Another reason is this. Only members of the English Ordinariate can request English Patrimony accommodations when they don’t live near an English Ordinariate parish.
For example, if an English Ordinariate member happens to live in an area where there is no English Ordinariate parish nearby, he (or she) may form an English Patrimony Group, and request Ordinariate pastoral oversight for it. So, for example, the group may consist of a mixture of Ordinariate and Diocesan members who are attached to the English Patrimony. They can meet together as often as they like for Evening Prayer, according to Divine Worship, which is the official English Patrimony liturgy. Anyone can lead Evening Prayer and does not need to be a member of the clergy. (I did it for years, and I’m a layman.) One can acquire official liturgical books for that here.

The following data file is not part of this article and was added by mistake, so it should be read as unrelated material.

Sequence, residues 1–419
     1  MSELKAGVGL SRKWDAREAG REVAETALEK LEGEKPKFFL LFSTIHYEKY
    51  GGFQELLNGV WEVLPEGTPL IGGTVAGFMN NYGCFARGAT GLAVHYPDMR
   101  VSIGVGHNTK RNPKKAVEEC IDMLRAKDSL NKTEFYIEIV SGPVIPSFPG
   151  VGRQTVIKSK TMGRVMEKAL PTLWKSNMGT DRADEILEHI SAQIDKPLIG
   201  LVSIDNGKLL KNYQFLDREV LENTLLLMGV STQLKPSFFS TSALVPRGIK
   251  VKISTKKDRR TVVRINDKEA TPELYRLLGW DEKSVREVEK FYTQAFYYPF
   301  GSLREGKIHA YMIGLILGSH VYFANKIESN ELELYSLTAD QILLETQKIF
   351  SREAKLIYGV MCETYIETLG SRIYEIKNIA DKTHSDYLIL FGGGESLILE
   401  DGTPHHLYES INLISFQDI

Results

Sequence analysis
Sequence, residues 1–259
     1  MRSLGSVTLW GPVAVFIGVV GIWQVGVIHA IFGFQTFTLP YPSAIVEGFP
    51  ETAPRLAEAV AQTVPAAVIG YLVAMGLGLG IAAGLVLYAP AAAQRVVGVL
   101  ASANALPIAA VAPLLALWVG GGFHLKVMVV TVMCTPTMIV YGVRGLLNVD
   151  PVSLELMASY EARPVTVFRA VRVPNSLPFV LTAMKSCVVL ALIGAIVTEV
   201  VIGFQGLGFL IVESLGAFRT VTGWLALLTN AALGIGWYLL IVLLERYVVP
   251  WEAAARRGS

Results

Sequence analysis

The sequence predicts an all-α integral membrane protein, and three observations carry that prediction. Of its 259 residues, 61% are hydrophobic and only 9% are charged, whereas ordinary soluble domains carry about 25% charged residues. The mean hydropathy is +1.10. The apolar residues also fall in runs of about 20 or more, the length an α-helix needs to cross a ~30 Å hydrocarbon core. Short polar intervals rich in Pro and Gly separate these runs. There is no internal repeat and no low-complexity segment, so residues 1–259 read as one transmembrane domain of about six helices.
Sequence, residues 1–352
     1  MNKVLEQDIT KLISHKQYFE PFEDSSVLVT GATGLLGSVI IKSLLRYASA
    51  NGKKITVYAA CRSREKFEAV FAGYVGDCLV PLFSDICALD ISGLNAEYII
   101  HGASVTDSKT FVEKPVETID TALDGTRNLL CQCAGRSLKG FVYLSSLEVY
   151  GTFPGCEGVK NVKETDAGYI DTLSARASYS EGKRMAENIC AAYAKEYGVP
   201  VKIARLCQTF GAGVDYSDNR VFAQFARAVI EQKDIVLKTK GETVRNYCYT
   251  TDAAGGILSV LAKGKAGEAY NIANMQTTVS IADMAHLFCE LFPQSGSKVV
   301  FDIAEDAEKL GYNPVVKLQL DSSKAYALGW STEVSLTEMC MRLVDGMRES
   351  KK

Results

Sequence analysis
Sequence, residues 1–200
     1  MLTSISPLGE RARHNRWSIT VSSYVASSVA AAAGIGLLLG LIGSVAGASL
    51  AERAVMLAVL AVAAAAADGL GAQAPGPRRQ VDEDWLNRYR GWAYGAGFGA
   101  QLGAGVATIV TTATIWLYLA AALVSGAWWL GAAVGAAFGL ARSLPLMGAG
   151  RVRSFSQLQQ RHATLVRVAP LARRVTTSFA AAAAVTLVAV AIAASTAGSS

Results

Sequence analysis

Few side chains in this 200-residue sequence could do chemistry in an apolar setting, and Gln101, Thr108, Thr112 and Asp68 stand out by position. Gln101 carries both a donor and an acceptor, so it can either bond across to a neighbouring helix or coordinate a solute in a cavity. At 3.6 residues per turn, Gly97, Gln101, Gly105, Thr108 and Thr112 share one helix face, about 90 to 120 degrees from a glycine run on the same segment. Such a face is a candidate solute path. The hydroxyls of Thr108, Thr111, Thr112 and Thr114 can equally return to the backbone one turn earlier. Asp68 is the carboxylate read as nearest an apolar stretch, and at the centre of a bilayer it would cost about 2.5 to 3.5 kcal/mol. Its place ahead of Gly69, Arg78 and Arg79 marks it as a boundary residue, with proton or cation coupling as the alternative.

If the group becomes large enough, and stable enough, meaning at least a few families who regularly attend, then an official Ordinariate member can request provision for an English Patrimony Mass (Divine Worship) to be said as often as possible, depending on priest availability and logistics. Sometimes this can be as often as once a month, or as little as once a year, or something in-between. If the group grows, remains stable enough, and there is an Ordinariate priest who is willing to relocate to the area, an Ordinariate mission can be established there. These are the advantages to actual Ordinariate membership. Only actual members of the Ordinariate can plant new Ordinariate missions and parishes, and only actual Ordinariate members have the right to have their children confirmed by Ordinariate bishops (ordinaries). So Ordinariate membership has its specific benefits.